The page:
Unlikely hero who restored Brazil’s pride
Tite has overseen a remarkable transformation since taking over as manager of the Selecao
There was a remarkable moment in the aftermath of Brazil’s 3-1 win against Japan last Thursday. Tite, Brazil’s manager, was on the press conference stage with Neymar and was invited to address a perception that his team’s talisman is somehow selfish and difficult in his dealings with his team-mates. The response that he delivered lasted more than a minute and required little translation. Gesturing to his audience like a statesman and being glanced up at by Neymar as if he were a favourite uncle, Tite talked of his player’s “humility” and “team ethic” in delivering a resounding character assessment.
By the end, the world’s most expensive footballer was wiping tears from his eyes. It might not only have told us about Neymar’s emotional state ahead of facing England at Wembley tomorrow, amid reports that he is unhappy at Paris St-germain, but perhaps even more about Tite’s current stature in Brazil. A man whose playing career was ended at 27 by a knee injury, and was considered something of a journeyman manager, has overseen a resurgence of the national team.
They qualified for Russia 2018 with four matches to spare after seven straight victories, and a wider run of 12 wins, one defeat and two draws now has them up with Germany as favourites for next summer’s tournament.
So what is behind what Paulo Sergio, a 1994 World Cup winner with Brazil, has called a “great revolution”? The starting point naturally is Tite and those most familiar with a career that has spanned some 17 jobs in 27 years pinpoint an extraordinary low back in 2011 as the turning point.
He was leading Corinthians in the Copa Libertadores – South America’s Champions League – and they were playing against the small Colombian club Deportes Tolima.
No Brazilian team had ever gone out at this preliminary phase but that was the unthinkable outcome for Tite’s new side. The sack was regarded as inevitable but what instead happened was that their two superstars, Ronaldo and Roberto Carlos, promptly departed. Tite’s Corinthians were rebuilt and embarked on the finest streak in the club’s 107-year history, winning the Brazilian championship and then, in 2012, the Copa Libertadores for the first and only time in their history.
This was followed up by winning the Club World Cup later that year with victory over Chelsea.
Although he had never managed in Europe, Tite took a working sabbatical in this continent that included time watching Pep Guardiola, Carlo Ancelotti and Arsene Wenger. Marcelo helped him get especially close to Ancelotti, who made a particular impression for the balance he struck between his on-field coaching and how he handled the superstars of Real Madrid.
Ancelotti’s influence has been evident in Tite’s management of Neymar and also players such as Willian who, despite often losing his place under him to Philippe Coutinho, speaks in almost reverential tones about the manager. Tite makes a point of openly relaying every decision in person to his players and, having so far rotated the captaincy, Willian recently stated that the manager should also be Brazil’s captain.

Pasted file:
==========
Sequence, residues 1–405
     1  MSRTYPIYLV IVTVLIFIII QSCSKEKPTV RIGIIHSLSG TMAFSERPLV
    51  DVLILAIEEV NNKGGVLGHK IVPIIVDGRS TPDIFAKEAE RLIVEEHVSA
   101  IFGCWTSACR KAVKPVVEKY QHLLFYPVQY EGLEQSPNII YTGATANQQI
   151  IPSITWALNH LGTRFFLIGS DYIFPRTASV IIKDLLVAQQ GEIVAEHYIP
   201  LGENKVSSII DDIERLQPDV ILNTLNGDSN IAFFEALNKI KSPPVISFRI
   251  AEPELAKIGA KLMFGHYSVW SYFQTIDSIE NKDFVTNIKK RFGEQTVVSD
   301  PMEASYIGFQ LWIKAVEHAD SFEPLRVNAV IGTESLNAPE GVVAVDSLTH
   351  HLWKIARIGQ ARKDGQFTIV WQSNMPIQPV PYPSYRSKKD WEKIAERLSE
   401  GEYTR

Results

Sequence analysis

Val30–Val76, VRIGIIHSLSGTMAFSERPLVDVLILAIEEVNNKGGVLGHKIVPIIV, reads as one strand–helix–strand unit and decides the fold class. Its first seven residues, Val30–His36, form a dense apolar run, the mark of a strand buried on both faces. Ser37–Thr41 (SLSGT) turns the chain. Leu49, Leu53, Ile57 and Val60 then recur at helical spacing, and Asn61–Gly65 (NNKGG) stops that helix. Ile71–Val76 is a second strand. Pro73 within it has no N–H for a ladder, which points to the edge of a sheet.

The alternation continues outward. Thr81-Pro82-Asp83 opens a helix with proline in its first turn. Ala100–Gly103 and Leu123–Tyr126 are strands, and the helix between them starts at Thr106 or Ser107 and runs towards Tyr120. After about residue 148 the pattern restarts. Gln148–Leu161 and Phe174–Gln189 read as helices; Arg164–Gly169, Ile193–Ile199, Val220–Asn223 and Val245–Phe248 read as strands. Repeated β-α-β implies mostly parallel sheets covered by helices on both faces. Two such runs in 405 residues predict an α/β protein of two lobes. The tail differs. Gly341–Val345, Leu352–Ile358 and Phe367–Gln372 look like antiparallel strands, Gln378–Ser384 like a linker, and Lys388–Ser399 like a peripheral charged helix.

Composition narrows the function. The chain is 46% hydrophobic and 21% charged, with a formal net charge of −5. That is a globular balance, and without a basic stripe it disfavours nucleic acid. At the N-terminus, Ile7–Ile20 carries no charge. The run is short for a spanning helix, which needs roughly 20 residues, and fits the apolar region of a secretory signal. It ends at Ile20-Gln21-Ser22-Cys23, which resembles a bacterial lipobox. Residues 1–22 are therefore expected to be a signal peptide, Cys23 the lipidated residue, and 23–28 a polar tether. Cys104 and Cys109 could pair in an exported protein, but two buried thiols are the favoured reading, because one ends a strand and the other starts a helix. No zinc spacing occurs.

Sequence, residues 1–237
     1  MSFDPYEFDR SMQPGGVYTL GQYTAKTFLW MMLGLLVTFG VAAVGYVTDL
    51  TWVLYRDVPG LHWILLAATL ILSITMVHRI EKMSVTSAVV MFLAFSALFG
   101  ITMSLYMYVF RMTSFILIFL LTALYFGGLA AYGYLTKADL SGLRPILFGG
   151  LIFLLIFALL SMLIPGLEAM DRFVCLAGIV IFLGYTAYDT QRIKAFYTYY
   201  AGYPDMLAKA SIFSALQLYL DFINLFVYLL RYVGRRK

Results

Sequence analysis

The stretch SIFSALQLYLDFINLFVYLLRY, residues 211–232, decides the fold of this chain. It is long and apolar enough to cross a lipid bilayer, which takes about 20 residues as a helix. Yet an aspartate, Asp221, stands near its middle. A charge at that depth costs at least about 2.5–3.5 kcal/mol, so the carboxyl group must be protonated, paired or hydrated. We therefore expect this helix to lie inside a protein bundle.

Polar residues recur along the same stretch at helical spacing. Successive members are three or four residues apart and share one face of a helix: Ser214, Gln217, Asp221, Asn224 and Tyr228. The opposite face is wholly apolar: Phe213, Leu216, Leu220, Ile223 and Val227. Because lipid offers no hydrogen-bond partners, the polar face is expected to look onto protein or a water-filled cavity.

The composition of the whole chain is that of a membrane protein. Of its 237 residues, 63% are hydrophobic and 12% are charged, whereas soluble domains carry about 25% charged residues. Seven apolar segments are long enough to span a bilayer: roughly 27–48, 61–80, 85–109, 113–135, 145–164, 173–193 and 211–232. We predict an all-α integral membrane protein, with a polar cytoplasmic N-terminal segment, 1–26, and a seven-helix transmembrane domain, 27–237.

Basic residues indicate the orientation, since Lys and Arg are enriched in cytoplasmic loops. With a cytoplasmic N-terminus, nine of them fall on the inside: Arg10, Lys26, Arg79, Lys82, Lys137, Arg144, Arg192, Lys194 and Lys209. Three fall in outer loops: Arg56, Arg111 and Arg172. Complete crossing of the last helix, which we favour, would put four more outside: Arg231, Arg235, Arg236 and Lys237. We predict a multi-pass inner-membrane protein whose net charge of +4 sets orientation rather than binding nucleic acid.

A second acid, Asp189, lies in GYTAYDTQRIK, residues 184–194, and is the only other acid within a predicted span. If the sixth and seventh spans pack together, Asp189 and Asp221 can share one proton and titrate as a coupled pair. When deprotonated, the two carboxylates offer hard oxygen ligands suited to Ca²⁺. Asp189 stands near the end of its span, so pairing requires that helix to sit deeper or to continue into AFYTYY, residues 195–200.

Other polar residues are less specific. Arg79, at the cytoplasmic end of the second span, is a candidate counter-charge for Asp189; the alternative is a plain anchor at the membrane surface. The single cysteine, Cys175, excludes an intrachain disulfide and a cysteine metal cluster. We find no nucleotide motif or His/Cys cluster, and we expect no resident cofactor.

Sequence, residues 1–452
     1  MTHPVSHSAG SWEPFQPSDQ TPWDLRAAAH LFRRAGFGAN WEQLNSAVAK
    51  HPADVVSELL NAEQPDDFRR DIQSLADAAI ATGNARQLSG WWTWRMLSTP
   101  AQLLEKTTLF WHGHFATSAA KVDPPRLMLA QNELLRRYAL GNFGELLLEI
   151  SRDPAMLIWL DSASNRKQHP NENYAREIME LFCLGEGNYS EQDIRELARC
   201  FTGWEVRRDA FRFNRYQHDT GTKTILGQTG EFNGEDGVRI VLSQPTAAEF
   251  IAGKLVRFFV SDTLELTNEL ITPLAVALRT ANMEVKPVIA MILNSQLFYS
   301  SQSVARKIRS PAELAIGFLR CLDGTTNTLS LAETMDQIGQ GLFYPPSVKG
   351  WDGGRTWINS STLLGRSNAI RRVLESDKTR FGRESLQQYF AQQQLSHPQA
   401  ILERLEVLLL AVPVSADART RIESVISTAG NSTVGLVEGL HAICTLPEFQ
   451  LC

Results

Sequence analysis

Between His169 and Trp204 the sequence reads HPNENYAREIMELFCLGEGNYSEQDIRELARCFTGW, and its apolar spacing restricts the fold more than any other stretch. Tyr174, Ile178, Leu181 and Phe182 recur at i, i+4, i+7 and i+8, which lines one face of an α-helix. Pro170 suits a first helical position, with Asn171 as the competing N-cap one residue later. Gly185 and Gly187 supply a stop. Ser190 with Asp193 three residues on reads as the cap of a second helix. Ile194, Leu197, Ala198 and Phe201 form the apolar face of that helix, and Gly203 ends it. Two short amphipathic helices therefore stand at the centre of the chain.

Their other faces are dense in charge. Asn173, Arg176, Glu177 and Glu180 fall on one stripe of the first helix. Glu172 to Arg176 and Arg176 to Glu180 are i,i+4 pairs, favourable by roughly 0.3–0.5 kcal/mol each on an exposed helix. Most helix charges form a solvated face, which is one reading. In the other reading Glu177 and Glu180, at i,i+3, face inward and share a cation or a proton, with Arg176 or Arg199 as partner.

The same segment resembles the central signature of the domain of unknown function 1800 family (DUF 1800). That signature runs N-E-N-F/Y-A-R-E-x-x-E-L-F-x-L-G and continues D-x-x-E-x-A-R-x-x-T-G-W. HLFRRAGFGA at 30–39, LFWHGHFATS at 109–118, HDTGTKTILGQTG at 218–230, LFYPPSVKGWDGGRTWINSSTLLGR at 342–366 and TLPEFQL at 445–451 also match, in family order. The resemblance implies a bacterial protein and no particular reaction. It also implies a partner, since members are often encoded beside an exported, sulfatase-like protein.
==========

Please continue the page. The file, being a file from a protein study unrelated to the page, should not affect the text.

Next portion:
Tactically, and in the professionalisation of preparations, there have also been significant changes. Although many of the team are based in Europe – including seven in the Premier League – the presence of Paulinho and Renato Augusto in China last season persuaded Tite to base a Brazilian physiotherapist there.
The players have also noted a marked difference in the level and detail of information they are now receiving about opponents, right down to where the goalkeeper is likely to aim his clearance and how they should therefore organise themselves for specific goalkicks.
Underpinning everything, of course, is Brazil’s production of talent: Gabriel Jesus, Ederson and Danilo have this year joined Coutinho, Willian, Roberto Firmino and Fernandinho in the Premier League. In a recent Manchester City documentary on Jesus, it was noticeable how, like so many illustrious predecessors, he was developed through a combination of street football and unstructured matches on dusty clay pitches. “This kind of football is very common in Brazil,” explains the journalist Caio Carrieri Cardoso. “There is a freedom to try things in their formative years and, on these pitches, it is difficult to know where the ball will land and you must have excellent control.”
For all England’s success now at age-group football, there is a theory that the greatest barrier to their progress is not first-team opportunity but rather the solidity of a technical foundation that is formed during their earliest years. Will it let them down relative to a young Brazilian once our more structured European approach to coaching has been added to the South American’s game?
Wherever the balance lies in the explanation, Wembley tomorrow will host a rejuvenated Brazil who will travel to Russia next summer with a realistic hope of restoring national pride on football’s ultimate stage.
Character assessment: Tite has got the best out of striker Neymar